The ability of scientists to tailor the structure of materials at the nanoscale paves the way for novel multifunctional and more durable materials. These 'nanomaterials' can benefit various industrial sectors, but they need to be better understood if we are to truly take advantage of this cutting-edge science.
© Fotolia, 2012
Nanotechnology is beginning to permeate every facet of our lives, from computing and cosmetics to drugs and health care. Advances in the manipulation of matter at an atomic and molecular scale have opened up a whole world of opportunities across a range of industrial sectors.
Electron microscopy is one of the techniques that have made such advances possible. It enables scientists to study materials at the nanometre scale, and thus to gain a better understanding of them. Continuous improvement in electron microscopy is key to making further progress in this field.
Catalyst for change
This is the objective behind the EU-funded Al-Nanofunc project which aims to design and install an advanced laboratory for the analysis of novel functional material at the nano-scale. Novel nanomaterials and devices for developing new integrated functions is a cutting-edge and potentially highly lucrative sector. Consequently, the EU wants to establish a well-positioned laboratory in Southern Spain that will be integrated at the European level within a network of some of the leading research laboratories in this field.
The upgrade will include updated facilities for high-resolution analytical transmission electron microscopy (TEM), based on the latest generation of electron microscopy equipment. "This is an essential tool if we are to achieve breakthroughs in topics of high interest here," explains project coordinator Prof. Asunción Fernández at the Materials Science Institute of Seville in Spain.
"We are especially interested in researching material applications for solar cells, hydrogen storage, sustainable energy applications and nanostructured photonic materials. However, we need to know the microstructure of these new materials if we are to develop new products."
It is expected that the new laboratory will also act as a catalyst to improve research and innovation capacities in the Andalucian region, and in Europe as a whole.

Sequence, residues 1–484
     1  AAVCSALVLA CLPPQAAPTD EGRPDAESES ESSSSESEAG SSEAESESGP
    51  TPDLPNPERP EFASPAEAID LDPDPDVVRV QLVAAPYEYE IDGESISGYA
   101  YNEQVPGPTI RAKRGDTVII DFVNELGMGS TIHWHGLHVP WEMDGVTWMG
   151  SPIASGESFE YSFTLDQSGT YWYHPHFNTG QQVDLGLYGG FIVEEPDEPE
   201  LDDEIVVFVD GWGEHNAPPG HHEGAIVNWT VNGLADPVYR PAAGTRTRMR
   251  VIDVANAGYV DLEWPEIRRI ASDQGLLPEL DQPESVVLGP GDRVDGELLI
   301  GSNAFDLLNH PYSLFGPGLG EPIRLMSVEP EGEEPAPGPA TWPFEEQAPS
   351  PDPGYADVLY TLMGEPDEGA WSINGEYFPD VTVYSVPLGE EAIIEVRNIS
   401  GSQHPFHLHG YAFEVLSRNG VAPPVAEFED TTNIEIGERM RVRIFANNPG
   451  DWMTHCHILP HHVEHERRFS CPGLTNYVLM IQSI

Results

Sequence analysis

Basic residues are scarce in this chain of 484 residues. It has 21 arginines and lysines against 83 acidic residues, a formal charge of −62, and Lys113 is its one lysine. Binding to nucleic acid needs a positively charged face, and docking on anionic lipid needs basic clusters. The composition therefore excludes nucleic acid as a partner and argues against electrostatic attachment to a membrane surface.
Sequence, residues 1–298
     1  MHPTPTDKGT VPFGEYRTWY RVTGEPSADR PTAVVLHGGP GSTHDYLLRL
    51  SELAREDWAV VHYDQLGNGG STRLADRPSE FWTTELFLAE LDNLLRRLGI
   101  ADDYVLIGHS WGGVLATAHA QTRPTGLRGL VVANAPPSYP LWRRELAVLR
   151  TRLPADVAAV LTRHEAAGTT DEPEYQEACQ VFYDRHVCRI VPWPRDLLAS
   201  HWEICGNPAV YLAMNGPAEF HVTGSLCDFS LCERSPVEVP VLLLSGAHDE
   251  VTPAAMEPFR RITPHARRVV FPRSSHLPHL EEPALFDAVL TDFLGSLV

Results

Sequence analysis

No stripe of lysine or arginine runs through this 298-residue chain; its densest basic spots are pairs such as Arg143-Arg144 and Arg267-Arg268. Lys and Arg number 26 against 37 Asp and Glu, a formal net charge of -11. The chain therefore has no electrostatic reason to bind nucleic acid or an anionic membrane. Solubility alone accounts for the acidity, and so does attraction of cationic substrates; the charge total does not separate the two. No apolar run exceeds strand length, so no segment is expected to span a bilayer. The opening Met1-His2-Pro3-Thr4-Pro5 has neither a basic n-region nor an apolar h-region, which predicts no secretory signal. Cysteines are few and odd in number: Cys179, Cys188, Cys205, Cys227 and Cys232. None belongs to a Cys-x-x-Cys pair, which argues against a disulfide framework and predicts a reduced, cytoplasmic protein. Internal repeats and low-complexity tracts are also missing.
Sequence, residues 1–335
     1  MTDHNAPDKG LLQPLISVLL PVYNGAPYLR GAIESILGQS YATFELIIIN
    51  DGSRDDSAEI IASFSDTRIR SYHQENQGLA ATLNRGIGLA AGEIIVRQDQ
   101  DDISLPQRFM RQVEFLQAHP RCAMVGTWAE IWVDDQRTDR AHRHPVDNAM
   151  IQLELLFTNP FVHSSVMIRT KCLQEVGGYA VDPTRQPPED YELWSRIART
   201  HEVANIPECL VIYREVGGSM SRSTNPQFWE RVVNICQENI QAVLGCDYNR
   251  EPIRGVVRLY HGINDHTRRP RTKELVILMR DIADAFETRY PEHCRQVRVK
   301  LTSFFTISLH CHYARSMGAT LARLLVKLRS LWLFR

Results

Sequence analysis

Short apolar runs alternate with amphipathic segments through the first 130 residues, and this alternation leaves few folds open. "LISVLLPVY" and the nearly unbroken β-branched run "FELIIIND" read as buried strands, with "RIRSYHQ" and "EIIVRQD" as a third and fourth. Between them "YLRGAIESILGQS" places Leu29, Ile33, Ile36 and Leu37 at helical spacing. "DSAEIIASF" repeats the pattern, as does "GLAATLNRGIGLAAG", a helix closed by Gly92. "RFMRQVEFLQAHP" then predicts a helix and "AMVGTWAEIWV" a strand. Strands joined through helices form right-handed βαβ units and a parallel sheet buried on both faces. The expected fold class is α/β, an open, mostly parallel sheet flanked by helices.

Three fields of research have been identified as being of special interest: nanomaterials for sustainable-energy applications; protective and multifunctional nanostructured coatings; and nanostructured photonic materials and sensors. Being able to manipulate microstructural design gives scientists the possibility of tailoring the properties of composite materials.
For certain nanostructured coatings, for example, the distribution of elements at the nanoscale are the key factor in determining their hardness and resistance to oxidation. New analytical high-resolution electron microscopy techniques being pioneered by the Al-Nanofunc consortium are giving researchers the opportunity to better visualise these microstructures, helping them to develop new and improved coatings for solar cells and photonic materials, too.
"New developments are also already being achieved for energy and environmental applications like hydrogen storage, photonic materials and catalysts for removing pollutants," says Prof. Fernández.
Indeed, progress on the project has been impressive. Prof. Fernández and her team have carried out collaborations and exchanges with partner institutions in Europe and the Maghreb region, and a workshop on the advanced microstructural characterisation of nanomaterials was organised recently. Sharing and disseminating findings is a crucial component of Al-Nanofunc.
Another important characteristic of the project is the fact that the consortium is working closely with European industry. The idea is to provide feedback and know-how on possible new high-performance materials. The aim is to strengthen European knowledge in this field, help in decision-making and to ensure that Europe remains at the forefront of this burgeoning sector for decades to come.